Friday, 9 March 2018

Walked off my Feet


A couple of months ago I noticed that because of a peculiarity of the Australian Public Service pension scheme many of the people I went through college with were newly retired and looking for things to do. Erica (who is 3 years younger than me!!) found herself in that situation and joined her mother's walking club. I chirped up that when we were in Australia I'd love to join them for a walk, because sure I could keep up with a pack of 80 year olds for 11 km...

This is the countryside we were lined up to walk

When we arrived in Australia an email from the walking club was waiting for us saying that the walk for the Wednesday we were there was 18km, but "the walk is longish but gentle, with only minor elevation changes." The forecast was for 22C, and the advice was to carry at least 2 litres of water, morning tea, lunch, and warm clothing in case the weather changed. I also had a camera and spare batteries in my backpack.

Waterholes Hut

and its stockyard

It was an excellent walk in sub-alpine country I sort of knew from driving through, but had never properly walked. We had morning tea at a ruined stockman's shelter (Waterholes Hut), and then walked to an abandoned (and now non-existant) farm, Lone Pine Hut for lunch. By then the weather was pretty hot, my feet were sore, and the call to get up and walk back to the starting point was far too early for some.

A very welcome morning tea, and I sample some of Erica's caramel slice

Needless to say... The walk ended up as 22km, the temperature was well over the mid 20's, and there was a total of 1,100metres of altitude change. For for one European who had arrived in the Australian summer from winter only a week previously, 2 litres of water was not enough. I was concentrating on "one foot in front of the other" when I totally blew up, and needed a 30 minute sit down and a handfull of electrolyte tablets about 1km from the end. I have never totally stopped like that before and it was a bit scary - my brain was saying "just walk" but the message was getting lost between there and my legs.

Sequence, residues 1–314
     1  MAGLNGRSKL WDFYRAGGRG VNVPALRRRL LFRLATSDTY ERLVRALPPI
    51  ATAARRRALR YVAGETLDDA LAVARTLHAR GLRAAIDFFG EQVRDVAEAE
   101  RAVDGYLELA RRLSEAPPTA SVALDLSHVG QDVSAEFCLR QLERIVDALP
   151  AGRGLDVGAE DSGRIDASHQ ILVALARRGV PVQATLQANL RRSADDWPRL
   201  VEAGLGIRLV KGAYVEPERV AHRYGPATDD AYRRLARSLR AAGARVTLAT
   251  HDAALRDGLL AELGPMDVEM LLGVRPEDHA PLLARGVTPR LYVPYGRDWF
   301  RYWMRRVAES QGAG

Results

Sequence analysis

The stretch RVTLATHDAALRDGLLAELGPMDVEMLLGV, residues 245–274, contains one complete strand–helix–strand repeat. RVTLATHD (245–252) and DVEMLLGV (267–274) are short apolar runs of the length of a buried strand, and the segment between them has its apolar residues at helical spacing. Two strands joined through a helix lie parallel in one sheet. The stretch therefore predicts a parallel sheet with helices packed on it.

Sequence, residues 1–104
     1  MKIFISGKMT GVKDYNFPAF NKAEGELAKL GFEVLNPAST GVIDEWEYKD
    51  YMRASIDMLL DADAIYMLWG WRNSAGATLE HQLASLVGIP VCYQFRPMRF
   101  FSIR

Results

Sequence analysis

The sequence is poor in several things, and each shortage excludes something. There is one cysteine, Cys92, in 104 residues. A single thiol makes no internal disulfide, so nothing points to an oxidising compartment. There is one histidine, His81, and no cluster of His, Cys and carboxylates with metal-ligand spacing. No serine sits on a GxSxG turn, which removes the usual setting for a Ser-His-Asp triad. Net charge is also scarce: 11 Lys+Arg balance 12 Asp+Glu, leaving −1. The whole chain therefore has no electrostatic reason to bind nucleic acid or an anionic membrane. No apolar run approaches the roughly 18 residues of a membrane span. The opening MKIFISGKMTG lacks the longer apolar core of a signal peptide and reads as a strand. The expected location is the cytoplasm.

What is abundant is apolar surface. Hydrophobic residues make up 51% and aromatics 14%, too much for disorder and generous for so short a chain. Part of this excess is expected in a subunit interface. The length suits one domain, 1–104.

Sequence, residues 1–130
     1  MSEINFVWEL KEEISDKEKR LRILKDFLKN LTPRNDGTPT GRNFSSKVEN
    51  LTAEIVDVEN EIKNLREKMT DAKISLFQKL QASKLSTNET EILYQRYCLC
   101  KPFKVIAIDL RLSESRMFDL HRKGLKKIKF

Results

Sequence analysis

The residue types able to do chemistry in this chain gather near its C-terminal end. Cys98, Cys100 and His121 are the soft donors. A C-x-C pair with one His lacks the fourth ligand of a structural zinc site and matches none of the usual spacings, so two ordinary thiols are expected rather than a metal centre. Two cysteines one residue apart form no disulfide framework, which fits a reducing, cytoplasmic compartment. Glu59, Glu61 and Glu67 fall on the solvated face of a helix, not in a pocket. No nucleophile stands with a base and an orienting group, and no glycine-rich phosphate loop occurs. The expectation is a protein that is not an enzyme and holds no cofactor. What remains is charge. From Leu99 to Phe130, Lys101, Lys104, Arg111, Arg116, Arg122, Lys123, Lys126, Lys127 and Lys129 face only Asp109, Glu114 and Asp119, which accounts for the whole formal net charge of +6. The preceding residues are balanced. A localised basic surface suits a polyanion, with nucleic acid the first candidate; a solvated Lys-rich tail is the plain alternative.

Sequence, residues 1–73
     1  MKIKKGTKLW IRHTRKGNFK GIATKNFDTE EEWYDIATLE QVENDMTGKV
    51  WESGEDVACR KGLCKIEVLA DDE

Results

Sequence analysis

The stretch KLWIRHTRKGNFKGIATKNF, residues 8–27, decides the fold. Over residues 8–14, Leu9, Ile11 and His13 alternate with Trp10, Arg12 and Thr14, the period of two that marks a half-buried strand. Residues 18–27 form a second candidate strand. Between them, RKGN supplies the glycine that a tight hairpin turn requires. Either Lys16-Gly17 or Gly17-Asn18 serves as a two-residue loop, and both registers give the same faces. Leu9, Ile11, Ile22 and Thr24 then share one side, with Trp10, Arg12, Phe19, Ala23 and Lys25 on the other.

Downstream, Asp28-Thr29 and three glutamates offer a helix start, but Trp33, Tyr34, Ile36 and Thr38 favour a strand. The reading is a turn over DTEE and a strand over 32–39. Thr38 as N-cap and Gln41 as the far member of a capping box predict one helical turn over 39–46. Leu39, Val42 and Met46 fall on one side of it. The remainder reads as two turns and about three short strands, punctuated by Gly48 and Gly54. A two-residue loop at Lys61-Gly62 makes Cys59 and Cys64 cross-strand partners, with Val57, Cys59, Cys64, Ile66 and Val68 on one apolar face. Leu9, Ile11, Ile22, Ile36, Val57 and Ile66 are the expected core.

All that is left of Lone Pine Hut

I managed to make the next 500 metres with help from Susan (and one of the the group carrying my backpack) and by that time the rest of the group had reached their cars. Of course, being Australians they were all in four wheel drives, so someone came back to meet us and picked me up.

It was steeper than it looks in the photo - there were many of these short, sharp climbs

Apart from that it was a great day. I saw some country I hadn't really seen before, and caught up with an old friend and learnt some gossip I wish I had known 35 years ago. Human frailty aside, what more could you want?

3 comments:

  1. Hahaha... Sorry, but I had to laugh. I remember my first 'walk' in the mountains in Andorra with a bunch of 70 and 80 year olds. Them tripping merrily across rocks in mountain streams, me barely able to keep upright. I learned that unless it involves cleats, ropes and crampons it's not a hike but a walk. I learned a lot.

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  2. Next time Simon wait until your at least 75 before you attempt such things.... Ha Ha Ha Nice Tale though.

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  3. Good on the golden oldies! I'm sure it was just prolonged jet lag, Simon or that you just aren't old enough...

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